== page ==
Pareto efficient strategies for regulating public transit operations

Document Type

Journal Article

Publication Date


Subject Area

operations - performance, operations - frequency, operations - crowding, planning - service level, place - asia


Transit regulation, Pareto, efficient frontier, Quantity control, Congestion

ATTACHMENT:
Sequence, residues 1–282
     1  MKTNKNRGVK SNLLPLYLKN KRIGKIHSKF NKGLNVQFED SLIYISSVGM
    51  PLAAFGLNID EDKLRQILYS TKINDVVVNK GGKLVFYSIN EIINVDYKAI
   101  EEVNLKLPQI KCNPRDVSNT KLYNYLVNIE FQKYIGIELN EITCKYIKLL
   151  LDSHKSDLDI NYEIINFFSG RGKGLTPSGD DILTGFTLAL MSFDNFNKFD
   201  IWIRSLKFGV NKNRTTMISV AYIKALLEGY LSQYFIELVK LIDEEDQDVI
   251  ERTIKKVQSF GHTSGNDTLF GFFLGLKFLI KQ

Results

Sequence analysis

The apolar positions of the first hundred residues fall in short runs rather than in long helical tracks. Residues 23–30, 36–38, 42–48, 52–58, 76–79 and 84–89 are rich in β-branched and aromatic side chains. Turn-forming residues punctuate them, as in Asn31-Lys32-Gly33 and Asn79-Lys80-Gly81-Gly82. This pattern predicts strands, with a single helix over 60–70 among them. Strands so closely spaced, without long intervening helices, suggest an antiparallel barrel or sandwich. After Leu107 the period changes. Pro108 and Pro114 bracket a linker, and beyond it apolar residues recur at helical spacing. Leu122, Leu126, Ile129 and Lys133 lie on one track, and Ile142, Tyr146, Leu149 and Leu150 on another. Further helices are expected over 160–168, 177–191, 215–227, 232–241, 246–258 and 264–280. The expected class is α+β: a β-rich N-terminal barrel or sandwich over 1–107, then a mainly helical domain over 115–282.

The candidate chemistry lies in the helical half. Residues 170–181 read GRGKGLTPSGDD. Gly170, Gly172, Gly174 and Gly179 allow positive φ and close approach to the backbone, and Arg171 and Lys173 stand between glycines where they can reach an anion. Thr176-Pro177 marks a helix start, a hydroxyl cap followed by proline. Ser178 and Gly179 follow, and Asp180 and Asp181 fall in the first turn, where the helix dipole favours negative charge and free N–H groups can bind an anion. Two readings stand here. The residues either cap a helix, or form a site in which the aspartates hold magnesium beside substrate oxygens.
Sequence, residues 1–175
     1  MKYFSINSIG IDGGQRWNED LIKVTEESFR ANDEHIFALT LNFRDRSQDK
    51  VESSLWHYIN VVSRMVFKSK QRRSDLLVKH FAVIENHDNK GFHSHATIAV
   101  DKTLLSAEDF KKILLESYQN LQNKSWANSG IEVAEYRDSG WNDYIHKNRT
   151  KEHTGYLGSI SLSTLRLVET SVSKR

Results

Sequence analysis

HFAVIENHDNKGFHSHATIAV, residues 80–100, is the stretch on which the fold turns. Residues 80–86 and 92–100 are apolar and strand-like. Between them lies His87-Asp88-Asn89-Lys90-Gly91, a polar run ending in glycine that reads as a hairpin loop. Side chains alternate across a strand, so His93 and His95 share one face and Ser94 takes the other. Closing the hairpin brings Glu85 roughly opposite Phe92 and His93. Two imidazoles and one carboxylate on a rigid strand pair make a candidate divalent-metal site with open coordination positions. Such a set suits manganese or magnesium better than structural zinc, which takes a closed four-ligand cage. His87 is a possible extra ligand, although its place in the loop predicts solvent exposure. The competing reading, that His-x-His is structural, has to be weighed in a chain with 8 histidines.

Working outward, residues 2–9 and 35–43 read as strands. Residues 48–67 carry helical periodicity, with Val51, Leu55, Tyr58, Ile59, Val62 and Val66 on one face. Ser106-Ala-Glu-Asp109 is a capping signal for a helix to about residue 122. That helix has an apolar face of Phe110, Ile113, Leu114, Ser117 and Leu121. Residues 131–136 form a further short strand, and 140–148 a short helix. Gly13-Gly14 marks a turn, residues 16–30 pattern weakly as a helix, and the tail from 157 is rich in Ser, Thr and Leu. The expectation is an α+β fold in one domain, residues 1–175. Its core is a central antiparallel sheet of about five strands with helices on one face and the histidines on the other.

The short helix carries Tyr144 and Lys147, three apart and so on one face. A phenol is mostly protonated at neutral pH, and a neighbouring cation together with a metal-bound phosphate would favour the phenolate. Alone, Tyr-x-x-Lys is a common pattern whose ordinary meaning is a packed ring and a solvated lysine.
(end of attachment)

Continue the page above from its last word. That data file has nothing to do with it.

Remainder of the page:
This paper investigates how the local authorities could efficiently regulate the public transit, which is operated by a private firm. Both the waiting time at stops and the in-vehicle congestion costs are taken into account to reflect the transit service quality. The Pareto-efficient frontier is derived and three types of regulation strategies, namely Price-cap, Return-on-output and Quantity control, are analyzed and compared. On one hand, although the Price-cap regulation can attract more demand effectively, the private firm will inefficiently supply a lower frequency to keep the cost down. On the other hand, both the Return-on-output (ROO) and Quantity-control regulations are Pareto efficient that can keep the transit system operating along the Pareto-efficient frontier. Especially, Quantity-control regulation seems to be more attractive than ROO as there is no need for the firm’s accounting information. In addition to the investigations on regulation, a new optimal demand-frequency correspondence is also derived that extends the Mohring’s “Square Root Principle” in incorporating transit in-vehicle congestion effects.


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